• Reduce administrative burdens and “productivity” metrics.
• Offer free tuition to UVM medical students who pledge to practice primary care in an underserved area of Vermont.
• Increase the number of UVM Medical Center residency positions in primary care.
• Coordinate with UVM Medical Center’s primary care residency programs (family
practice, internal medicine, pediatrics) to implement creative initiatives to attract out-of-state physicians.
• Listen to primary care physicians, many of whom voiced concerns at a recent GMCB
meeting about OneCare’s payment cuts, Care Navigator, OneCare’s data redundancies, confusion over OneCare’s quality metrics, OneCare’s clinical relevance, the lack of meaningful patient resources, workforce issues, payment inequities between specialists and primary care physicians, unpredictable and inadequate compensation, patient affordability issues, and the growing number of uninsured.
OneCare’s 2019 Quality Performance
OneCare’s high Quality Performance scores for Medicare (92%) and Medicaid (95%) camouflage some troubling trends. Additionally, OneCare’s quality performance with Blue Cross/Blue Shield has worsened.
Reducing avoidable hospital readmissions is a critical indicator of quality, especially for the Medicare elderly who fare poorly when hospitalized. OneCare’s poor performance with avoidable hospital readmissions is evidenced by the following two measures. [Percentile categories range from 30% (lowest) to 90% (highest)].
• Risk-Standardized, All Condition Readmissions
(OneCare scored in the 50th percentile; worse than the prior year.)
• All-Cause Unplanned Admissions for Patients with Multiple Chronic Conditions
(OneCare scored in the 40th percentile)
• Hypertension: Controlling High Blood Pressure
This is one of the most important population health indices. Yet OneCare’s 2019 score (62.63%) is lower than 2018 (63.9%) and even lower than 2017 (64.61%). This represents a 3-year downward trajectory on a crucial population health measure.
• Initiation of Alcohol and Other Drug Dependence Treatment
OneCare’s 2019 score remains in the 25th percentile (lowest), having been there for two consecutive years (2018, 2019), and having been below the 25th percentile in 2017. This weak performance is cause for concern given the All Payer Model’s primary goal of reducing suicides and drug overdose deaths, not to mention Vermont’s opioid crisis.
Blue Cross/Blue Shield
OneCare’s overall Blue Cross/Blue Shield quality score has worsened in 2019 – see table below. Of the nine ACO quality measures, performance in more than half (5) declined from the prior year. Initiation and Engagement of Alcohol and Other Drug Dependence Treatment is one of the worsening measures and it sits in the 25th percentile (lowest). Blue Cross/Blue Shield concedes it is difficult to determine the impact of the ACO’s quality initiatives on its members.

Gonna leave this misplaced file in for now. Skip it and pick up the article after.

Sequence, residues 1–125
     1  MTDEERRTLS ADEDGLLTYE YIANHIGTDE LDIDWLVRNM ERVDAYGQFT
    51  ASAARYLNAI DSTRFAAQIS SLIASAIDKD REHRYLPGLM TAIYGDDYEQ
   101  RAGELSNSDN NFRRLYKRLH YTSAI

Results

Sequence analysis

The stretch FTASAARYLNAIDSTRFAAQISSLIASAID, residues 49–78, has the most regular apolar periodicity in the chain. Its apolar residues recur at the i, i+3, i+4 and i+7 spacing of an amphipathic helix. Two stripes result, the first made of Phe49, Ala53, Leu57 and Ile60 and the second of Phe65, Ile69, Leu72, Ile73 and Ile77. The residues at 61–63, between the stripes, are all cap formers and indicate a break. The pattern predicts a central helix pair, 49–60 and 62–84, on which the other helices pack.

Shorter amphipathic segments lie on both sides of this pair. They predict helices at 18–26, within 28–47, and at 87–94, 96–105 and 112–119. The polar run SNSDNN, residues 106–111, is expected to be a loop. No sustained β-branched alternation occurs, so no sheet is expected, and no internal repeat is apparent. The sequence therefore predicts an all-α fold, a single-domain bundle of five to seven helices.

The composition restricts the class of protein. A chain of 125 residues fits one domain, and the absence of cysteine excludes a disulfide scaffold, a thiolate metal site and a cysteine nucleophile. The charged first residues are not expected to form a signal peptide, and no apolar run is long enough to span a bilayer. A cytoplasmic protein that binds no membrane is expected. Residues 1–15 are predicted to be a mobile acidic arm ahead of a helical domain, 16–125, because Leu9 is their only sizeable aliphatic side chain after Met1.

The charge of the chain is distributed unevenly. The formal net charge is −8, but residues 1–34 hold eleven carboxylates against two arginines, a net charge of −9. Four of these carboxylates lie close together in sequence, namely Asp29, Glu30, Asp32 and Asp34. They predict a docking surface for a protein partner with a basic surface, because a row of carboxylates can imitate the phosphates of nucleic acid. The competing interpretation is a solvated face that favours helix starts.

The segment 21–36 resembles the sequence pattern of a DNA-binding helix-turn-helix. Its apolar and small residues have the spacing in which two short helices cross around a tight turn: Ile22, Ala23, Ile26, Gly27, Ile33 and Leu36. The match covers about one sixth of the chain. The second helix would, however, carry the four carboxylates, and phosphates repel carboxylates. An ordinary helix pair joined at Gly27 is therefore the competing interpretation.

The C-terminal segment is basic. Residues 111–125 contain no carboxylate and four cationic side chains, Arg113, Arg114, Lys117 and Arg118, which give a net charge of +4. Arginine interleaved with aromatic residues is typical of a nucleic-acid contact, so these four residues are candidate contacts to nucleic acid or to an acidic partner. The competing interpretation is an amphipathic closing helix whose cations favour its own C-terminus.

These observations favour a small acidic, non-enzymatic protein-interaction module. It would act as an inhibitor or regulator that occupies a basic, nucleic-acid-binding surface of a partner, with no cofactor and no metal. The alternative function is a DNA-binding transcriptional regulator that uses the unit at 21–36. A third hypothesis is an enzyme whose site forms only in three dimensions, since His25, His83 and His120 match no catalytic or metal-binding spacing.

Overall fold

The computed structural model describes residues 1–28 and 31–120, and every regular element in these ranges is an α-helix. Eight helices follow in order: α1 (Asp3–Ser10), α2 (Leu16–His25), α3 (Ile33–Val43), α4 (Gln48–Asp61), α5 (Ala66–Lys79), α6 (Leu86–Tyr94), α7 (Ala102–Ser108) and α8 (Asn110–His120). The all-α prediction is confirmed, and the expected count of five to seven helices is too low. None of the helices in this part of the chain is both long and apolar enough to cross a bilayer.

ACO Year BC/BS
QHP Quality Score
OneCare is ill-suited to achieve widespread participation in Vermont’s health care reform efforts. OneCare’s overall financial performance is poor, prospective payments are insubstantial and hospital risk is diminishing. OneCare’s primary care policies do not strengthen the primary care provider workforce, and underlying quality performance problems remain.
1. The GMCB needs to consider alternative models of health care reform that allow for widespread participation of Vermonters.
2. The GMCB needs to conduct an analysis of OneCare’s 2019 financial results and the underlying methodologies to determine why OneCare generated $4.8 million in Medicare savings while simultaneously incurring losses of $20 million in Medicaid and Blue Cross/Blue Shield. (Was the Medicare cap on spending set high?) What did OneCare do differently for the populations? If the same basic services were offered, how does OneCare explain the difference in results? Physicians do not alter their practice patterns based on a patient’s insurance coverage.
3. The All Payer ACO Model Agreement contains three high level population health goals, one of which is to increase access to primary care. Implementation of the aforementioned primary care initiatives would address this goal.
4. The GMCB needs to question whether Vermont needs an ACO to implement prospective payments and other “predictable” payment mechanisms. (Where is the predictability in OneCare’s $13.5 million Medicaid overspend?) DVHA is well-versed in prospective payment and value-based models, possessing considerable expertise in implementing such programs (Children’s and Adult Mental Health, Residential Substance Use Disorder Program, and Developmental Disabilities Services, among others). Moving ACO functions into state government may be a prudent approach to controlling health care expenditures, implementing payment reform, improving quality and care management, and integrating services. Additionally, the state could consider hospital global budgets, and rate-setting as outlined in Act 48.
5. An independent evaluation of OneCare’s effectiveness in Vermont’s health care reform efforts needs to occur prior to making a decision on a second 5-year renewal of the All Payer ACO Model Agreement.